The executive arm of the European Union said on Tuesday that it would not make an exception for Germany in decisions to approve state support for emergency power plants, the euractiv.com website has reported.
It cited the European Commission as saying EU decisions to approve state support for emergency power plants in Germany as well as France, Italy, Greece and Poland will all have to be revisited in light of an ongoing reform of European electricity market rules.
The Commission in February said in a state aid ruling that support for emergency power generation in Germany, chiefly coal-fired plants, would remain “uninfluenced by the future rules on the design of the electricity market,” according to euractiv.com.
Such rules are currently being negotiated at the EU level, the website said.
However, this sentence was buried in a footnote and remained unnoticed until the full text of the decision was published following the EU executive’s February announcement, euractiv.com reported.
The website said that this raised accusations of double standards by countries including Poland, which were not offered equivalent safeguards.
In similar rulings for France, Belgium, Italy, Greece and Poland, the Commission stipulated clearly that state aid for back-up power generation “will need to be interpreted in the light of … legislation that has not been adopted yet at the time of this decision,” according to euractiv.com.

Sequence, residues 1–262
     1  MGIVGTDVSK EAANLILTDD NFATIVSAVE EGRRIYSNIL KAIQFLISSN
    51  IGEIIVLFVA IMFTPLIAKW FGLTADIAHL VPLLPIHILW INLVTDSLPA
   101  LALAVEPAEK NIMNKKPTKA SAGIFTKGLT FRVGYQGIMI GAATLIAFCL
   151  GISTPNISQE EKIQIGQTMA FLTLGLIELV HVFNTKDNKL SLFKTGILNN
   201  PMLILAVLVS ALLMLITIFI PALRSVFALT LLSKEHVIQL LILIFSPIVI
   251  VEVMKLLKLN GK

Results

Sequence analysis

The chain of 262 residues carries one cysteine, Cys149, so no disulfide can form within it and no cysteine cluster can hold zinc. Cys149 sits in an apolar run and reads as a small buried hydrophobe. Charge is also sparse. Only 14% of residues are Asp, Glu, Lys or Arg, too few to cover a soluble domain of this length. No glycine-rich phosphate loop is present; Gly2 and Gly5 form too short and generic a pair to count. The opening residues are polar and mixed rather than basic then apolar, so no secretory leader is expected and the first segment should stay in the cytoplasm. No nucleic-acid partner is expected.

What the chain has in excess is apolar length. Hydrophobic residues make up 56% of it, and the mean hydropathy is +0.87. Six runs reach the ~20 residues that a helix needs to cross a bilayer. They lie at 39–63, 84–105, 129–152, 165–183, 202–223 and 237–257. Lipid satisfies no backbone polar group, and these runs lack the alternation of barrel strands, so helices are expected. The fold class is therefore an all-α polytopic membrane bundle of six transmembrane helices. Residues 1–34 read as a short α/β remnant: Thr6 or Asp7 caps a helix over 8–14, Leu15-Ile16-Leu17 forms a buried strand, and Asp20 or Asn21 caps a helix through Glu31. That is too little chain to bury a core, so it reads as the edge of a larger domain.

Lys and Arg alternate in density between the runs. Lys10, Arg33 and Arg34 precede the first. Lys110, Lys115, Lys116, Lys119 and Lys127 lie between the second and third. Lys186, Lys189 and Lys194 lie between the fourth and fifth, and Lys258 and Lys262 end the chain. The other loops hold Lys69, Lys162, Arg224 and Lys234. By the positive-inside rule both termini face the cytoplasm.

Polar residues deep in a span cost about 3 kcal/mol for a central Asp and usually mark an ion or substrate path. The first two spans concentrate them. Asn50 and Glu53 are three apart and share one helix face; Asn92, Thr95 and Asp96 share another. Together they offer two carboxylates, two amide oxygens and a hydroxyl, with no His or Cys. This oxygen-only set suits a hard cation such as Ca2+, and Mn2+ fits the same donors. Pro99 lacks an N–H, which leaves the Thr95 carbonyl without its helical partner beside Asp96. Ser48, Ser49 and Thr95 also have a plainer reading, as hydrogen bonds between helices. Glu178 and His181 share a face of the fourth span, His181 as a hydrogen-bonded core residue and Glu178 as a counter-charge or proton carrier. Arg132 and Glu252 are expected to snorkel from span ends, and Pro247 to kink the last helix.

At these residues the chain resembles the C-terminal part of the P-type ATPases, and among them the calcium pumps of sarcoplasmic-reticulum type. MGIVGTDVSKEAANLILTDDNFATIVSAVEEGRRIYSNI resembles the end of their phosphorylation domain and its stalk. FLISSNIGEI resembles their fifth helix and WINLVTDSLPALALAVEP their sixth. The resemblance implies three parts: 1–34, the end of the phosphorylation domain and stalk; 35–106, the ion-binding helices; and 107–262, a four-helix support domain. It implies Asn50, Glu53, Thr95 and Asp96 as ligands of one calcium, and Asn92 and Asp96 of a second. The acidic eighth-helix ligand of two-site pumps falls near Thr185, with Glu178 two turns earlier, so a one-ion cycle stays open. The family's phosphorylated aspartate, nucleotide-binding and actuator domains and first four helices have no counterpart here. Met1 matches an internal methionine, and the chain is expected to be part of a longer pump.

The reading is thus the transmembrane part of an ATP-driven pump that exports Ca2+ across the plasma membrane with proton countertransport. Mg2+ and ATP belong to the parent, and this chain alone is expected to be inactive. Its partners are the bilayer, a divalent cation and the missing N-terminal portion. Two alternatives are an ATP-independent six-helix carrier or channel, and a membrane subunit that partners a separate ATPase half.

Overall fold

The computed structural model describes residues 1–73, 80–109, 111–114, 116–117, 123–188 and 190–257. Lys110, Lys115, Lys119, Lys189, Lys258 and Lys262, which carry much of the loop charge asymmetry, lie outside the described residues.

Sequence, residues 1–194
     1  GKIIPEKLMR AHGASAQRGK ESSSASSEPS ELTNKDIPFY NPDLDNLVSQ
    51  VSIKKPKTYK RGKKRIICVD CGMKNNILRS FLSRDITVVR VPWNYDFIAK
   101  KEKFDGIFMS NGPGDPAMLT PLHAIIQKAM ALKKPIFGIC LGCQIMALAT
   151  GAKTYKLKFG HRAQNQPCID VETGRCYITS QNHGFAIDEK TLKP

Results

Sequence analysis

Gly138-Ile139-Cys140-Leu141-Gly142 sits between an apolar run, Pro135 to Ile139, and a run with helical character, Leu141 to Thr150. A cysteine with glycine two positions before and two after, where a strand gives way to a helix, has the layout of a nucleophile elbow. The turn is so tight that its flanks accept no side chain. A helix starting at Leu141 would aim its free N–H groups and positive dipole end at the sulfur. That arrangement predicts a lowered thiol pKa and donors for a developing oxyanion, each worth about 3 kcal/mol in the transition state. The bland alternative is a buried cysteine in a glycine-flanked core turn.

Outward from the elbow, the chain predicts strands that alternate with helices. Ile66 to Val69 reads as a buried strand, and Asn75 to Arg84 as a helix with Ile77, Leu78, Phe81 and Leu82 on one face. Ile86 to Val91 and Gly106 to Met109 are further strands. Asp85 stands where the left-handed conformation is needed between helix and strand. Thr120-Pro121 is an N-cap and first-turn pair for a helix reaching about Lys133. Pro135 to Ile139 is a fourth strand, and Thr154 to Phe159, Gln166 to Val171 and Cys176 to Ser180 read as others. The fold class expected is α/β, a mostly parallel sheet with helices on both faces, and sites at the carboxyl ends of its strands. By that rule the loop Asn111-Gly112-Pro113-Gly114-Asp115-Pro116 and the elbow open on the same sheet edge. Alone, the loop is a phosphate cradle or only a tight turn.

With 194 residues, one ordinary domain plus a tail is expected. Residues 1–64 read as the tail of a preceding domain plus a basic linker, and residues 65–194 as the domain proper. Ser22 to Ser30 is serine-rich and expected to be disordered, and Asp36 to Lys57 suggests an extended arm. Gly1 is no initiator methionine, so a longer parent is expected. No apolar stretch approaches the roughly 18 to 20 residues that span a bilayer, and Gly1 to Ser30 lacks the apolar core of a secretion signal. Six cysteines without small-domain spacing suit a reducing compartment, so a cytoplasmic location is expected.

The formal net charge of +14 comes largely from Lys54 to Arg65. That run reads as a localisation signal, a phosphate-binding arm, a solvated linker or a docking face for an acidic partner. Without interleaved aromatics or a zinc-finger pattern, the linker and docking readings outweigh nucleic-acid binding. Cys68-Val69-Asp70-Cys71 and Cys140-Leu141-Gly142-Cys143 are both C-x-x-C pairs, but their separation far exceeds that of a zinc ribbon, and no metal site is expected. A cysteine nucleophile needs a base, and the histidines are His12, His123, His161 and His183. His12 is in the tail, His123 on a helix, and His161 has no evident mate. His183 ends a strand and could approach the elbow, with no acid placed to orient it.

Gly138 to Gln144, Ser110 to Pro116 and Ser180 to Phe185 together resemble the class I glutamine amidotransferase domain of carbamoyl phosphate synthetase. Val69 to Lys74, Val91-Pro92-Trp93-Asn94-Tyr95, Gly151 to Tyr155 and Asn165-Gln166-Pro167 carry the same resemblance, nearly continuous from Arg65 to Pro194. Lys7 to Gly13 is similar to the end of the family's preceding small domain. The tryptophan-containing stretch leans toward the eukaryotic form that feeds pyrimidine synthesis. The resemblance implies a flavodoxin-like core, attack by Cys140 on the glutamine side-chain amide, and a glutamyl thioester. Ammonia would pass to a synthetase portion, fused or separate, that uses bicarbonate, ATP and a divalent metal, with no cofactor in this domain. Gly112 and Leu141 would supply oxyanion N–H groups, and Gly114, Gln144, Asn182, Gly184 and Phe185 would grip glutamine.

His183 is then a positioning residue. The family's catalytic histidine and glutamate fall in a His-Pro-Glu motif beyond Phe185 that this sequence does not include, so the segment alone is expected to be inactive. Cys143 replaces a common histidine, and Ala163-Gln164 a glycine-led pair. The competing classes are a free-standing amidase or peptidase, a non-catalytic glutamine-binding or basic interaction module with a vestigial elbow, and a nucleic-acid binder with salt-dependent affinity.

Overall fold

The website cited the Commission as saying that the review of state aid decisions will in particular focus on future carbon dioxide emission limits aimed at phasing out support for coal-fired power plants, which are blamed for global warming.
The announcement comes as a relief for Poland, which has complained of “double standards” in the ongoing reform of capacity markets for electricity because it appeared to give preferential treatment to German coal plants, euractiv.com said.
It quoted Christof Schoser, deputy head of unit at the European Commission's Directorate General for Competition in charge of state aid controls, as saying: “On the German decision, indeed, it’s a mistake which is in the process of being corrected.”
A Polish MEP in August implied that Brussels uses double standards in its treatment of EU member states over how they manage their forests, according to the wpolityce.pl website.